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If it actually existed shouldn't Mu be included on this list,or at least mentioned. —Preceding unsigned comment added by (talkcontribs)

Mu was unfortunately obsoleted by plate tectonics, and didn't actually exist. Also, it was hypothesized as a regular continent, not a supercontinent, since supercontinents as described here require plate tectonics to form. Darekun 01:12, 18 October 2007 (UTC)


The first paragraph says "The assembly of cratons and accreted terranes that form Eurasia[1] qualifies as a supercontinent today", and further down we read "Some historians call the combined land mass of Africa and Eurasia the supercontinent Africa-Eurasia, but it is not a geological supercontinent". Is Eurasia counted as a supercontinent by geologists, or is it not? It can't be both, y'know. :-) Dr Zak 01:43, 26 June 2006 (UTC)

The greatest inconsistency in the whole list is;

  • What is a supercontinent? Apparently, looking at this list, any major orogenic or rifting event brackets a "supercontinent". This is basically model driven terminology, because the authors appear to suggest that plate ectonics cannot exist without forming or destroying a supercontinent. There is no consistent standard expressed as to what constitutes a supercontinent except "something kludged together".

The second greatest are;

  • The Komaii formation. Its not a supercontinent, its a single lava event.
  • The Yilgarn Craton. In fact, most of these are "cratons" not superconinents. Or protocratons. Of course, there's a reason for this; most >500Ma rocks are in cratons. Making the leap to say that these rocks, in most cases metamorphosed, are produced on supercontinents is a different kettle of fish.

Rolinator 11:48, 15 October 2006 (UTC)

Agreed, the Komatii Formation and Yilgarn Craton don't seem to belong on this list. Unless someone objects I'll remove them in a few days.
Cephal-odd 22:45, 26 December 2006 (UTC)


in the opening paragraph the article states you have to fit specific conditions to be called a supercontinent, but then under Ur it says that one could argue it was a supercontinent (presuably because it was big for its time?) which is inconsistent. Perhaps it should be shuffled down to the notes section...

List of supercontinents[edit]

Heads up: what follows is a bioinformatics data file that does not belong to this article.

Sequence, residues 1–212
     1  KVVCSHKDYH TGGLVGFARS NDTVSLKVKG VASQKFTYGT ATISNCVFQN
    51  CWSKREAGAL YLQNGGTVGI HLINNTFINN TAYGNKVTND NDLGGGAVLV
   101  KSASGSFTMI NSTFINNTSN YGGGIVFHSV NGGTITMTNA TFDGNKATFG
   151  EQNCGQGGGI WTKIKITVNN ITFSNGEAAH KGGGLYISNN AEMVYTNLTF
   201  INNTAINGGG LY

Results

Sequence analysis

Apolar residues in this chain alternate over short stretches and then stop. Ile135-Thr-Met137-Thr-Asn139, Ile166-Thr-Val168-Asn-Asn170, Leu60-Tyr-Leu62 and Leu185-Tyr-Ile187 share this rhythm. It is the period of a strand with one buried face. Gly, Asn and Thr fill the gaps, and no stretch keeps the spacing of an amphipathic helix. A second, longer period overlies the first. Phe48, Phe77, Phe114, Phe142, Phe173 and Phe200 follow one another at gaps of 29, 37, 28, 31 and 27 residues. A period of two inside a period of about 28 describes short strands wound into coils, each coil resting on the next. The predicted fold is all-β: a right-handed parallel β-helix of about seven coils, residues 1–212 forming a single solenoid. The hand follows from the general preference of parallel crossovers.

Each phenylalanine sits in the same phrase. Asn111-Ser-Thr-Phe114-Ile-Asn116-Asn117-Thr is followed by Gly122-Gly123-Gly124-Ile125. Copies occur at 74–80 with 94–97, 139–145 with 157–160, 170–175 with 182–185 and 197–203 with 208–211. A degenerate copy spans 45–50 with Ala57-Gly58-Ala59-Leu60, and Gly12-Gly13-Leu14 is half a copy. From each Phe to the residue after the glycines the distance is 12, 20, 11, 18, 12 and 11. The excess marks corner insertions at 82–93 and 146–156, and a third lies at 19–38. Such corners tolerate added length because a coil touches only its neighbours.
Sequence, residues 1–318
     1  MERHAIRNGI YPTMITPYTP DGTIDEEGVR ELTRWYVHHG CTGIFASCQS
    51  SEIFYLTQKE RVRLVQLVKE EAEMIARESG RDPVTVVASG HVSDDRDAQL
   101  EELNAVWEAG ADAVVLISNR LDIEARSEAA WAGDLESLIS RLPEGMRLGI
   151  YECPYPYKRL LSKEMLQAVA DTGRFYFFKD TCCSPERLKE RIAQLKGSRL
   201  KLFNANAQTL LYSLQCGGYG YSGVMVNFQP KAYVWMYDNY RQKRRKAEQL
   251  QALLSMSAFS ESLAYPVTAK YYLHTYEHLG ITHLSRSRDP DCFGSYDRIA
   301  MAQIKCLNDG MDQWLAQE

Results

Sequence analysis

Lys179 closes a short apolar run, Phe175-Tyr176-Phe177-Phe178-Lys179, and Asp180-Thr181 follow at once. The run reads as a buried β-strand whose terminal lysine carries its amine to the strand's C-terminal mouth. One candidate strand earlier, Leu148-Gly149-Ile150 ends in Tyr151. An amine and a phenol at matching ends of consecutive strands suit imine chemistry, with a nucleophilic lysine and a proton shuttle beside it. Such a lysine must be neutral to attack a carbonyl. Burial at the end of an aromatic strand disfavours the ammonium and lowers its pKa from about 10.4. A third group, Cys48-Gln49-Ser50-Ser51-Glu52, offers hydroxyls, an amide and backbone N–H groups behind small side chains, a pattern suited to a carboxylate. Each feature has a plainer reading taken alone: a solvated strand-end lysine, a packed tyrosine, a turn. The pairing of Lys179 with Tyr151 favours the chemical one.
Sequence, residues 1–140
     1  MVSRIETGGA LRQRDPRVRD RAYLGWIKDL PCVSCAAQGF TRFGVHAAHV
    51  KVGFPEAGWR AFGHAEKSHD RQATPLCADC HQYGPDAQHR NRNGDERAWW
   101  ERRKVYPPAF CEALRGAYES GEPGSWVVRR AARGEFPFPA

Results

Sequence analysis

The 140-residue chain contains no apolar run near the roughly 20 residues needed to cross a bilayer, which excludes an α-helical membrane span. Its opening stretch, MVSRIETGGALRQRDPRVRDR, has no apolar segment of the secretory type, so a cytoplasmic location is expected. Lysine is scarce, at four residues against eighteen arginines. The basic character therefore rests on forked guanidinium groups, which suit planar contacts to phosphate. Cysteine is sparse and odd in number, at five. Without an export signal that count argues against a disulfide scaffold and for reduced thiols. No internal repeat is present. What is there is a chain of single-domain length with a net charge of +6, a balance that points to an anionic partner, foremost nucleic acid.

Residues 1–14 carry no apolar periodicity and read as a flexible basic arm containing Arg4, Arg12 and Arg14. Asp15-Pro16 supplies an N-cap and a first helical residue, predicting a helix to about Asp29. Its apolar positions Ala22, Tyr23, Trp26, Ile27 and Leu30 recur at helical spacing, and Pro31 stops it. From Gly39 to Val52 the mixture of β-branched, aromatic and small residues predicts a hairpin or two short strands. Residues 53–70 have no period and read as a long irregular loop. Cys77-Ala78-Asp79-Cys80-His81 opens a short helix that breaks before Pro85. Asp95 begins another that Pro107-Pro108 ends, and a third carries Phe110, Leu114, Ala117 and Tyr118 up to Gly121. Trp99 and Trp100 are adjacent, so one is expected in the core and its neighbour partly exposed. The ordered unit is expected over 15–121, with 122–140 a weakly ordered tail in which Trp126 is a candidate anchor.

Do we need a separate List of supercontinents article when most of the same lists appear in this one? We should either merge the articles or remove the lists here to the other article. Cephal-odd 16:32, 25 November 2006 (UTC)

Computer Simulation of the History of Earth Formation[edit]

It would be nice to have a computer simulation of the history of supercontinents. I have seen a few maps and simulation, but they are incomplete. I would like to see one that shows the increase in size of our Earth over time through accretion of mass, and can be revolved to show the globe from all sizes at any time in history. Maybe a job for Google Earth?--Robert van der Hoff 04:39, 11 May 2007 (UTC)

A more recent model on youTube that shows earth was much smaller, contained almost no water at all and it appear the whole landmass covered the whole sphere. As the model progresses, it expands into oceans and the actually size of the planet increases over the billions of years. If you do the math on the oceanic distances, it seem plausible as we continue to move farther from our neighbors across the pond. Today, the continents move about 4mm a year, about the grow rate of a fingernail. This topic hasn't addressed in years, but the 2008 model sort on YouTube that demonstrates the spherical growth, and there is a more recent Google Earth simulation that shows it the shows the plate movement but doe not show the sphere growing in size (static size). Neverthe less, the Google example is visually the best I've seen to date. 10 Oct — Preceding unsigned comment added by Mapsurfer49 (talkcontribs) 10:51, 10 October 2012 (UTC)

An actual model would look like the "rifting of Pangaea" animation already on the page, not like those "spherical growth" animations. The time scales are vastly different, and accretion churns up the crust enough that continents as we know them can't coexist. That said, an actual model of the whole thing would be nice, showing the history to date of the fixed-size Earth, from the crust cooling enough that cratons and oceans can form, on through the supercontinents to today. — Darekun (talk) 04:11, 13 October 2015 (UTC)

List of Supercontinents and definition[edit]

As far as I am aware, the only supercontinents were Rodinia, Pannotia, Pangaea and to a lesser extent, Gondwana and Laurasia. Labelling Oceania a 'supercontinent' is wrong, it is just a standard continent.

A good explanation of supercontinents which I agree with is in the Sci-Tech Encyclopedia:

The six major continents today are Africa, Antarctica, Australia, Eurasia, North America, and South America. Prior to the formation of the Atlantic, Indian, and Southern ocean basins over the past 180 million years by the process known as sea-floor spreading, the continents were assembled in one supercontinent called Pangea (literally “all Earth”). Pangea came together by the collision, about 300 million years ago (Ma), of two smaller masses of continental rock, Laurasia and Gondwanaland. Laurasia comprised the combined continents of ancient North America (known as Laurentia), Europe, and Asia. Africa, Antarctica, Australia, India, and South America made up Gondwanaland (this name comes from a region in southern India). The term “supercontinent” is also applied to Laurasia and Gondwanaland; hence it is used in referring to a continental mass significantly bigger than any of today's continents. A supercontinent may therefore incorporate almost all of the Earth's continental rocks, as did Pangea, but that is not implied by the word.